Are You Cutting
or Are You Building?

Most of us in logistics are cost-focused. We are constantly looking for ways to reduce costs. In some cases, a cost diet is not such a bad idea. In other cases, it can make operations look a bit anorexic. The real skinny ones could be starving.

A New Normal Is a Stupid Line

Famed business author Tom Peters put out a book in 1997, "The Circle of Innovation – You Can’t Shrink Your Way to Greatness." Peters’ business book makes the timeless point that if you want to build a great business, you can’t cut your way to success.

Or can you?

“What we have to understand is that it is a new normal.”

“Whatever made you successful in the past won’t in the future.”

“It’s the end of the world as we know it.”

How many times have you heard those lines? Too many? Sure. Me too.

The only Normal I know is in central Illinois.Here is Normal.jpg

An old mentor of mine told me that there are no new ideas. He pointed out that new ideas were pondered by thinkers centuries ago. Even with new technology and inventions, the really important ideas have already been figured out. What’s more important is researching our existing body of knowledge to find an idea, and then to develop a new application for the old idea.

Innovation is not developing new ideas. It is applying old ideas to new problems.

If you are going to innovate, you must be willing to make changes happen. That is where most people have a problem. Change can be good, or it can be bad, depending on who is making the change and how they expect the change to affect their life. Fear is a powerful emotion, and it is usually the root cause of failure.

The world is constantly changing. Our bodies are constantly changing. The weather changes. Our kids grow. We get old. Customers’ needs and desires change. The norm is change, and therefore lines like, “what we have to understand is that this is the new normal" are stupid. A new normal would be a world in which all change had stopped.

Cutting People Without Cutting Process

Lately, I have been visiting companies that have done the best they can getting lean. They tell me how they have trimmed expenses, trimmed labor. They let poor performers go—suppliers, products, employees, even customers. In reaction to an economic decline, they cut every expenses they could.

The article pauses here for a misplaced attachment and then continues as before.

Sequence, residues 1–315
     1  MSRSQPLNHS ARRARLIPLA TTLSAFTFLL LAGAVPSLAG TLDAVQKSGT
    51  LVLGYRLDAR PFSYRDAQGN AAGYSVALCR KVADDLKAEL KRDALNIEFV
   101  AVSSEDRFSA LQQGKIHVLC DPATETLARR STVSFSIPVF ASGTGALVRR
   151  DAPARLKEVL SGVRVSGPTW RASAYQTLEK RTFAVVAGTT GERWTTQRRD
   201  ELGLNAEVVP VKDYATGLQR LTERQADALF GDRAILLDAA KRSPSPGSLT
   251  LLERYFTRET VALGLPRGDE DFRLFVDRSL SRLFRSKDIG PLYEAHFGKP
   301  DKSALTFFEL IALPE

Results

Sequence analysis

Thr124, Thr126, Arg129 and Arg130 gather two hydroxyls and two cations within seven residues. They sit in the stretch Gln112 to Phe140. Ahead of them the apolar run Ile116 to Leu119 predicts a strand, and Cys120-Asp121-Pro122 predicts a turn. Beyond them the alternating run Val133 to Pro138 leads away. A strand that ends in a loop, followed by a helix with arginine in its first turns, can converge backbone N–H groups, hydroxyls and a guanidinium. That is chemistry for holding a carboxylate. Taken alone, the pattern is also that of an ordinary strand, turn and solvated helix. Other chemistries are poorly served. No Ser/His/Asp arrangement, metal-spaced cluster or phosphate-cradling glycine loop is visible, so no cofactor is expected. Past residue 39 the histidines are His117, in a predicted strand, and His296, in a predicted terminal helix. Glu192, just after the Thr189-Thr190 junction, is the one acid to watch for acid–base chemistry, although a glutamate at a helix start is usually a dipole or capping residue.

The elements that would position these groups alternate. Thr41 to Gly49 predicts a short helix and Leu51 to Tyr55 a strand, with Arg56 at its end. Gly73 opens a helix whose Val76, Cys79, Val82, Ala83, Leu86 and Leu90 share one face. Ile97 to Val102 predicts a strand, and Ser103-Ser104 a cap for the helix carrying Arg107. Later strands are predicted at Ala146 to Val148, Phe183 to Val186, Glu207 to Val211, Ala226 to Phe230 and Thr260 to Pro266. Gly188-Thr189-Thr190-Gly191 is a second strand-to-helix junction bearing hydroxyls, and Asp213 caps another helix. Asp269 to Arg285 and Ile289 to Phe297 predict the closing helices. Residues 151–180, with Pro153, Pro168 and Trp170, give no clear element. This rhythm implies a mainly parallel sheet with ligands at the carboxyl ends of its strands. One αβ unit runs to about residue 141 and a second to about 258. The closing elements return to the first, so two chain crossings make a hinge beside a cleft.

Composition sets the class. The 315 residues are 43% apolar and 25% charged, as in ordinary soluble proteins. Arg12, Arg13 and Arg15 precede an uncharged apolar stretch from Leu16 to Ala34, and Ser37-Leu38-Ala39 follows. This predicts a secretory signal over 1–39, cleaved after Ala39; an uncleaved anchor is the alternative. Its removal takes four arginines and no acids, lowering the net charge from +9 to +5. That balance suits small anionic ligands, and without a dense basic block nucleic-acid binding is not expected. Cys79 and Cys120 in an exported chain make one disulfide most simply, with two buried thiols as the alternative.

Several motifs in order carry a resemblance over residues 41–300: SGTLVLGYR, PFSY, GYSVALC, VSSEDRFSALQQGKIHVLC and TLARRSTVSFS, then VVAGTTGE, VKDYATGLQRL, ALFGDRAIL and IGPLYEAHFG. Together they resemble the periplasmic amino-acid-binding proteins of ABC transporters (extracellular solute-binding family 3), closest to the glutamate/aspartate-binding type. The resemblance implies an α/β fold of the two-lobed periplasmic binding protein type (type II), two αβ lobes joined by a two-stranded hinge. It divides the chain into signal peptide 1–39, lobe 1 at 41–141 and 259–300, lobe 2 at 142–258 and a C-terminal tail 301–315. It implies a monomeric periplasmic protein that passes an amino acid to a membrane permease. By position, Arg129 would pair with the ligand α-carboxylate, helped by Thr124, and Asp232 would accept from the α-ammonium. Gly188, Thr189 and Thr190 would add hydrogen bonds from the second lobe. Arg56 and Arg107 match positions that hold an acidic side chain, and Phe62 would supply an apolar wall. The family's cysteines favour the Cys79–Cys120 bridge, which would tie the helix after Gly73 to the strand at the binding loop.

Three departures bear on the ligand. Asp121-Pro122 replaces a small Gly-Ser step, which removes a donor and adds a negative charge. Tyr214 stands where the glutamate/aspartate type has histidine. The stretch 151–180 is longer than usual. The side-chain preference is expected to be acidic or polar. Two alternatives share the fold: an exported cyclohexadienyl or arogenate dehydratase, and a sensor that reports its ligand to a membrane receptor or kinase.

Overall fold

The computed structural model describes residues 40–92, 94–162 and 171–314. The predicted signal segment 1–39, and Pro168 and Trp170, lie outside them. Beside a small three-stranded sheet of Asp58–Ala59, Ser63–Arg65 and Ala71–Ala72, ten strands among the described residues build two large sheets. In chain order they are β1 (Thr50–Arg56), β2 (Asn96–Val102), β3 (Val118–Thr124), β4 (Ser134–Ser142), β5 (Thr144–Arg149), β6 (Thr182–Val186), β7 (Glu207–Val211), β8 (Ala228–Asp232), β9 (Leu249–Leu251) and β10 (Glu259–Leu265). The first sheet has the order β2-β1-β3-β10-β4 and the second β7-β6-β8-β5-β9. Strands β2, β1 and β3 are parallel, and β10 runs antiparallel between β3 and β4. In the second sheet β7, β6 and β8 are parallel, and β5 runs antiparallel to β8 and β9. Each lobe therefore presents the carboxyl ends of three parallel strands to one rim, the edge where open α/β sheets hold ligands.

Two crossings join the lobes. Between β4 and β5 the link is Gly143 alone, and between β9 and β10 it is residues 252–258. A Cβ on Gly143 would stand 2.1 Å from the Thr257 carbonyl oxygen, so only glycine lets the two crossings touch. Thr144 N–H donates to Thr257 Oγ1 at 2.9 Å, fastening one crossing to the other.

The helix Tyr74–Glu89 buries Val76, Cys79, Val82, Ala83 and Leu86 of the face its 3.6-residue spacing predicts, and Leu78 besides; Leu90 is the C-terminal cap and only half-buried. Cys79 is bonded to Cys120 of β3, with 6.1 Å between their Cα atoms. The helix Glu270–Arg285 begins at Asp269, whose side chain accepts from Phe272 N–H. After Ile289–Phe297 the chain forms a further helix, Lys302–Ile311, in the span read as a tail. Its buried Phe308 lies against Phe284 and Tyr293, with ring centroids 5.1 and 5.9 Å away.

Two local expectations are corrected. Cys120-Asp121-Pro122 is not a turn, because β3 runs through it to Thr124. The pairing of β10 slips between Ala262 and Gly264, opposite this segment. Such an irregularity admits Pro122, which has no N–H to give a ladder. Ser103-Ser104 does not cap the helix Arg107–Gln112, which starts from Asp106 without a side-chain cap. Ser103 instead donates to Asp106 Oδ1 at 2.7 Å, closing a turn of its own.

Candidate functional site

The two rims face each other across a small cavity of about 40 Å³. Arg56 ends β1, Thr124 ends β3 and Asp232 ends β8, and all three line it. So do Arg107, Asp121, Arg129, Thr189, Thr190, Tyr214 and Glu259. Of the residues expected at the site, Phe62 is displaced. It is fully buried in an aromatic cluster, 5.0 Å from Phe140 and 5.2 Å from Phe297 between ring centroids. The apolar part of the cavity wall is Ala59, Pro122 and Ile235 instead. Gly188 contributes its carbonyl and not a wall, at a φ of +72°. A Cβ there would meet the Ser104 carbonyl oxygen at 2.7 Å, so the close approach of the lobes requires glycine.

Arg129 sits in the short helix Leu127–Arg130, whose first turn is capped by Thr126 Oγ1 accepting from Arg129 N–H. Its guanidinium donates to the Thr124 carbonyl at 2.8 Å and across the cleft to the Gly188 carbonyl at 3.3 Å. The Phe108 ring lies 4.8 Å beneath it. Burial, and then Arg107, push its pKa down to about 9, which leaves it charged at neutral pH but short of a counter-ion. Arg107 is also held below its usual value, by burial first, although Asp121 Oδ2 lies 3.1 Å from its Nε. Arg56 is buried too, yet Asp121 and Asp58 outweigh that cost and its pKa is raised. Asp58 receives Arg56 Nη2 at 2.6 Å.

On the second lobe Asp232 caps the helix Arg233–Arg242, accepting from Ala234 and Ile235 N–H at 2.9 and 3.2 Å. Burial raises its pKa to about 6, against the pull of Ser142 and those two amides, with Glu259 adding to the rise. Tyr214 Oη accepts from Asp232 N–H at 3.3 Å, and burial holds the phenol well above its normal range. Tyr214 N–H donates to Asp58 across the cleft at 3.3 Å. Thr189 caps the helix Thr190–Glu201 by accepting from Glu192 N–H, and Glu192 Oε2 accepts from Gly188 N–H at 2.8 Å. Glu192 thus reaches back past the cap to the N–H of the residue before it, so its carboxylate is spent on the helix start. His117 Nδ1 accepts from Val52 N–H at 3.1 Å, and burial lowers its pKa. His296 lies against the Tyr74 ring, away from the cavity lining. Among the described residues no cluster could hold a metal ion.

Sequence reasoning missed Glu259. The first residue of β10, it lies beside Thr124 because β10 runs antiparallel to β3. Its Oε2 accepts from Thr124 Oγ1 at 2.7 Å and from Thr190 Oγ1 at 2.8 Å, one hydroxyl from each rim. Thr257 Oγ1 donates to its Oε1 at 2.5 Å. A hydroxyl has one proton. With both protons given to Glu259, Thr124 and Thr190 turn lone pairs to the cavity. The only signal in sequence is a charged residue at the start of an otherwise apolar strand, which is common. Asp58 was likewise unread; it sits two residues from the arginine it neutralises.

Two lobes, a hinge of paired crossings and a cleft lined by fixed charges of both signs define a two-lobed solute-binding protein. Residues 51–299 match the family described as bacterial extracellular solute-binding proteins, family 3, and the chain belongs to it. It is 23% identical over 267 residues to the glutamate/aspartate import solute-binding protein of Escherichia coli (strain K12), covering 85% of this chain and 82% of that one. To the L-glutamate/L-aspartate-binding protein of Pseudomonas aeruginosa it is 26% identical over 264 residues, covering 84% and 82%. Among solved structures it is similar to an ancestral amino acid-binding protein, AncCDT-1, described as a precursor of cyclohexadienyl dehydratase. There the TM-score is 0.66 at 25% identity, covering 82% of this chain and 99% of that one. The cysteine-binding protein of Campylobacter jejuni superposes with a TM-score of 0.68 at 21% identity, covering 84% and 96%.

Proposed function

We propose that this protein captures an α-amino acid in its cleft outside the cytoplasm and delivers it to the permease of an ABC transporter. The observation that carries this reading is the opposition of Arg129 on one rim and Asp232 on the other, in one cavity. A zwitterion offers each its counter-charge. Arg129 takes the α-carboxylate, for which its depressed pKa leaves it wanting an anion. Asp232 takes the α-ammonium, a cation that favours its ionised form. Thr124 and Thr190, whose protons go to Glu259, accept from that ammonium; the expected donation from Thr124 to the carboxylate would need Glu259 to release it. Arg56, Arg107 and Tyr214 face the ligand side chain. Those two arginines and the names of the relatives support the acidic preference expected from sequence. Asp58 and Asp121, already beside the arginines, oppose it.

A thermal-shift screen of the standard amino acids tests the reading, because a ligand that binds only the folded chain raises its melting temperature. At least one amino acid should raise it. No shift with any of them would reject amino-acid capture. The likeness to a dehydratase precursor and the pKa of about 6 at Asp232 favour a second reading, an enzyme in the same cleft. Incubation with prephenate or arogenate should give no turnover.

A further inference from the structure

Now they can’t grow their businesses. To their dismay, they are finding that as they grow their businesses, their internal operations costs climb at a faster rate. As the recovery came, some distributors added to their sales and marketing teams and pressed incentives—and their operations expenses grew faster than revenue. They added operations staff, more warehouses, and more drivers, but still the opex growth rate was higher than the revenue growth rate.

When I ask the obvious question, “Did you look at your processes and make changes when you reduced the staff?” they always answer, "Yes." To their credit, they did look at their processes. They looked at what each person was doing and shifted tasks around to the rest of the team. They moved tasks, but did not ask themselves what value the task created. They kept doing what they were doing. Except now someone who may have been already busy has a new task to do. Where do you think that task went on the priority list?

Looking at the performance of a prospective client, we found that as revenue improved, gross margin percent dropped. Why? Well, supplier costs went up, and the company was slow to react by raising prices. That was the easy answer. What really happened is that they used to capture the cost increase on the PO acknowledgement, and then decide to increase the sell price before the new, higher-cost product arrived in the operations. With the changes in staffing, the job of checking the PO acknowledgements landed on an inexperienced person who did not know what to do with them. So, that person did nothing with them. As a result, the company stopped capturing the cost changes on the front end. Oh, they still caught the changes on the back end, when the invoice arrived and the system changed the product cost, and the change ended up on the cost change report. Except now they caught that change days after the new, more expensive product was in the house and getting shipped to customers. It could be as long as 10 to 14 days before the sell price changed, a deadly delay where your products turn quickly and the market become volatile.

How much gross profit did they lose? Great question! They don’t know. The answer is not important! The action is. They need to get back to getting the PO price acknowledgements reviewed and the sell price updated quickly.

The Moral

How did your company handle distributing tasks after the last layoff? Did some vital activities get dropped along with the people? How would you know?

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